A good balance also needs to be struck between developing exports and promoting import substitution, since both strategies contribute to the same goal of improving the current account balance.
However, experience shows that countries that promote exports perform better in terms of productivity and growth than those that promote import substitution.
As for the tax system, it is not the most important factor in attracting investment to SEZs. African countries could therefore establish world-class industrial zones and agropolises as models for SEZs, housing in the same space highly competitive firms geared to the domestic market or to the external market; the latter receiving export credits in the form of tax rebates for external sales operations.
Golden Rule No. 7 – Establish effective SEZ administrations with good human and operational capacity and real management authority, based on a continuously assessed roadmap.
Golden Rule No. 8 – Accelerate the improvement of the overall business environment in the country, as the competitiveness of the SEZ is impacted by both internal factors and those in its overall environment within the country.
Golden Rule No. 9 – Encourage SEZ-based firms to establish joint ventures and subcontracting links with domestic SMEs outside the SEZ, as well as partnerships with national research networks, to build an ecosystem of integrated and technologically innovative clusters.
The country will gain in terms of developing the local content of SEZs, reducing imports of raw materials and intermediate goods, and transferring technology and good organizational practices to the rest of the economy. This could be a clearly identified conditionality in the incentive system put in place.
Golden Rule No.10 – The inclusion in SEZ development policies of actions that contribute to national development objectives other than economic ones, such as the promotion of decent employment and social welfare of workers, social responsibility, and environmental sustainability.
In doing so, SEZs can be powerful instruments for achieving the United Nations’ Sustainable Development Goals (SDGs) and the African Union’s Agenda 2063, and serve as testing grounds for new ways to promote sustainable and inclusive development (i.e., the establishment of Green SEZs).
Golden Rule N. 11 – The establishment of quality coordination between direct and indirect SEZ actors. Coordination between the SEZ administrator, the promoter/developer, the operator, and the installed companies, whose roles and responsibilities must be clearly defined in texts.
A framework for ongoing consultation must then be established between them to identify any difficulties very quickly and correct them. Coordination should also be established between SEZ actors and other public administrations, through the establishment of a true one-stop shop, as far as possible dematerialized, the identification of an autonomous SEZ regulatory framework (involving the private sector), and the institutionalization of concerted actions to promote investments and exports in SEZs and outside of SEZs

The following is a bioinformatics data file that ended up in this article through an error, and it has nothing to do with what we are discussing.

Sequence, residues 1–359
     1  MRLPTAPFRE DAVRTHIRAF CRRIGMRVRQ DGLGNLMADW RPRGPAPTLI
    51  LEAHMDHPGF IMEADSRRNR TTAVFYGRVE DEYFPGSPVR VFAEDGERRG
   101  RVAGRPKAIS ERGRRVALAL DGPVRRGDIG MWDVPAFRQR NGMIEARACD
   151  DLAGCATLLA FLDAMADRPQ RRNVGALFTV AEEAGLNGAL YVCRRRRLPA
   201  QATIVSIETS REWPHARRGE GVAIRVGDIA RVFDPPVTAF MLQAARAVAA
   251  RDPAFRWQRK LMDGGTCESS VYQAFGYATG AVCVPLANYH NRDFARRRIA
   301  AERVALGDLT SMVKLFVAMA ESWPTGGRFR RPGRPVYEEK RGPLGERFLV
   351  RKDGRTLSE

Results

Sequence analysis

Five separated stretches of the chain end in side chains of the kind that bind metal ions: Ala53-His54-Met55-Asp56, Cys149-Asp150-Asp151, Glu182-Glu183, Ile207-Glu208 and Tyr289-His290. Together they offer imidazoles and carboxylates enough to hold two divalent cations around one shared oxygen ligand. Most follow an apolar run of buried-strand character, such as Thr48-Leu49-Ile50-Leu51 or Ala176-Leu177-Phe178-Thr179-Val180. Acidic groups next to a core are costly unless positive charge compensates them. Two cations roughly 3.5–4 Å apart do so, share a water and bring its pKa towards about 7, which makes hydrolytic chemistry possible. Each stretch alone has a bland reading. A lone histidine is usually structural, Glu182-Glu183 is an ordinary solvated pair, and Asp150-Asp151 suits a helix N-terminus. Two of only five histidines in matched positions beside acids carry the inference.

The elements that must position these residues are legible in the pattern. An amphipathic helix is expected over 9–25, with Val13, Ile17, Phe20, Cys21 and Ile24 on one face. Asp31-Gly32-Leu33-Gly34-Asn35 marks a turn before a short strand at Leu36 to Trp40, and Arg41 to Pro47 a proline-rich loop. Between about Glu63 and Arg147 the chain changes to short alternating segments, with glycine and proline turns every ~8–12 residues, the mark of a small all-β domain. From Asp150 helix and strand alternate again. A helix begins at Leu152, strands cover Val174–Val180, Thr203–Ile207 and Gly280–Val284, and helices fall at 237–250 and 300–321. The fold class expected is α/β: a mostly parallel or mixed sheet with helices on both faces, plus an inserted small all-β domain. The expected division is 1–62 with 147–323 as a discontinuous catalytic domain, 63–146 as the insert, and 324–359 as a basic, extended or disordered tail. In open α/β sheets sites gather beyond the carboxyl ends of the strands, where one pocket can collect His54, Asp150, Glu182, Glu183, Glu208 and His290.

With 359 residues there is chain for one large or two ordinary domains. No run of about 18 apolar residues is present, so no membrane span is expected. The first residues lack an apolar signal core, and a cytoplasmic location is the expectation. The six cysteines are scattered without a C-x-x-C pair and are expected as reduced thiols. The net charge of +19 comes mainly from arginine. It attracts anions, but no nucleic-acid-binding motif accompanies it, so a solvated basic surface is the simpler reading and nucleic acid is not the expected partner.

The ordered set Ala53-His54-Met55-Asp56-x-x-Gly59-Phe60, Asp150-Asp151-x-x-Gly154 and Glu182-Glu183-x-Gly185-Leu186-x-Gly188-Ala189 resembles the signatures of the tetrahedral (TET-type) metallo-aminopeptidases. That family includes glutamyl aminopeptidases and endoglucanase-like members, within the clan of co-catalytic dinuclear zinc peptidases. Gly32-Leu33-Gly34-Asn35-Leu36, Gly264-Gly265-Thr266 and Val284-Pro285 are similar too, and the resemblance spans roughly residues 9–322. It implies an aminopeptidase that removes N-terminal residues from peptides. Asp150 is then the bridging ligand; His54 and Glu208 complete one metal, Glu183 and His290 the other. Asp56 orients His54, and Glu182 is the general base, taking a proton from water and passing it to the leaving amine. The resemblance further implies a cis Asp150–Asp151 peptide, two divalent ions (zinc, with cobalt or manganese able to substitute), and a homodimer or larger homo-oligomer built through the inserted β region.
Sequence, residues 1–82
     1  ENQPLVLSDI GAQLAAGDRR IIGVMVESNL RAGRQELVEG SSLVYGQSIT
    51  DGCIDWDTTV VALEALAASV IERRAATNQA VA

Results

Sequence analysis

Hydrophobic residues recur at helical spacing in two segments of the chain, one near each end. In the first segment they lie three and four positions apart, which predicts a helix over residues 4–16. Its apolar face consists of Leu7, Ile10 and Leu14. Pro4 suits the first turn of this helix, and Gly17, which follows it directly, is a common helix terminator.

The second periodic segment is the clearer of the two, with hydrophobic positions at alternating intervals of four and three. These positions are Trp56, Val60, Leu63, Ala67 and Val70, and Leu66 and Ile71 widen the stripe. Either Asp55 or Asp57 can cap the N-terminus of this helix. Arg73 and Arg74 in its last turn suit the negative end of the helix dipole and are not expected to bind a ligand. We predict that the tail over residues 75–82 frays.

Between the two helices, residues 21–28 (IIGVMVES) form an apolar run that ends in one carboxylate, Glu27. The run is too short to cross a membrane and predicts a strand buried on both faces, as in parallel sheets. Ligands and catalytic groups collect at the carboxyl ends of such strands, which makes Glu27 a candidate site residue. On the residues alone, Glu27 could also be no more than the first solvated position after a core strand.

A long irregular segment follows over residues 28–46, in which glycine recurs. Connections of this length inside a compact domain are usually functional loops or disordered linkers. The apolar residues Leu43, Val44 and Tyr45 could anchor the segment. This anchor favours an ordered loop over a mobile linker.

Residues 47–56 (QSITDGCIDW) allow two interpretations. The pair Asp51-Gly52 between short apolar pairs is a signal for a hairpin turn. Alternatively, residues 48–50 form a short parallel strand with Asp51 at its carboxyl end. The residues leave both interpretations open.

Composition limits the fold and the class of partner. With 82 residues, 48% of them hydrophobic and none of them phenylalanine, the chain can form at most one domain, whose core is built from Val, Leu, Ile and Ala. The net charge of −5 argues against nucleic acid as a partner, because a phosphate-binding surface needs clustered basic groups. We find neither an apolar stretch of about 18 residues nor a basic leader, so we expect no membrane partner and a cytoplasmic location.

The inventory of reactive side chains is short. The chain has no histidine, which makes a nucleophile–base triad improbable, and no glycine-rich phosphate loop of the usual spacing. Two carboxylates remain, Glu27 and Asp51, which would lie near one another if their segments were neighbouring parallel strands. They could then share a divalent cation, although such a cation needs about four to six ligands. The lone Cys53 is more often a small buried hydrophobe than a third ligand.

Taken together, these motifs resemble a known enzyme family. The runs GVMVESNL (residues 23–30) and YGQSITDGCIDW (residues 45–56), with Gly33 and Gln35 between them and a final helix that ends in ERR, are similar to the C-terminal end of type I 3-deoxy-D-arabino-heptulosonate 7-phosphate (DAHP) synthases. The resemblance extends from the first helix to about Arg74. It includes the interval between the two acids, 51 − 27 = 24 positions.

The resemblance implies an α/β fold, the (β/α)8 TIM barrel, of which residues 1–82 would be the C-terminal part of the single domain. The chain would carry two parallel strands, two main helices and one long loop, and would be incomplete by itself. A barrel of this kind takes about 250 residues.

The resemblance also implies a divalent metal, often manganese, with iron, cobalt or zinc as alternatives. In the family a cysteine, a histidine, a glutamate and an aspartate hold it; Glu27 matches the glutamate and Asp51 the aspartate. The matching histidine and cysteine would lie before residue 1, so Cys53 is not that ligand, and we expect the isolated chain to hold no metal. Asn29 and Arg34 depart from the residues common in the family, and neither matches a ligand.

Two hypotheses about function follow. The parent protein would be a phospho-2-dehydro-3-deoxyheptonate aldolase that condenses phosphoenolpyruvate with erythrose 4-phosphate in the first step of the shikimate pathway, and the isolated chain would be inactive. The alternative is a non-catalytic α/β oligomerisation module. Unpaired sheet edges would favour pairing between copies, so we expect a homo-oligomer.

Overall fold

Golden Rule No. 12 – Institutionalize a good system for monitoring and evaluating the performance and impacts of SEZs by identifying appropriate indicators in advance, including them in the overall monitoring framework of the National Development Plan, and collecting data on the ground regularly.
An inter-ministerial monitoring committee could be set up to oversee this SEZ monitoring work. It would meet periodically at the political level (ministers, under the coordination of the head of government, once a quarter) and at the technical level (among the agencies and directorates general concerned, once a month). The success of SEZs must indeed be a top priority for the authorities, at the highest level of government, who must champion SEZs and give them political support.
Ultimately, the success of SEZs in Africa will not come by chance or luck. It will be the result of intense efforts that are harmoniously coordinated and implemented methodically and with a spirit of voluntarism and transformational leadership.
Each African country should conduct its own self-diagnosis to assess the degree to which the twelve rules identified have been achieved. Lessons should also be learned from the experiences of the thousands of SEZs operating around the world and the continental SEZs grouped in the African Special Economic Zones Organization (AEZO). Upgrading actions can then be selected to close, as soon as possible, the gaps observed in relation to best practices and accelerate the productive transformation of the continent’s countries, in accordance with the wishes of the African Union.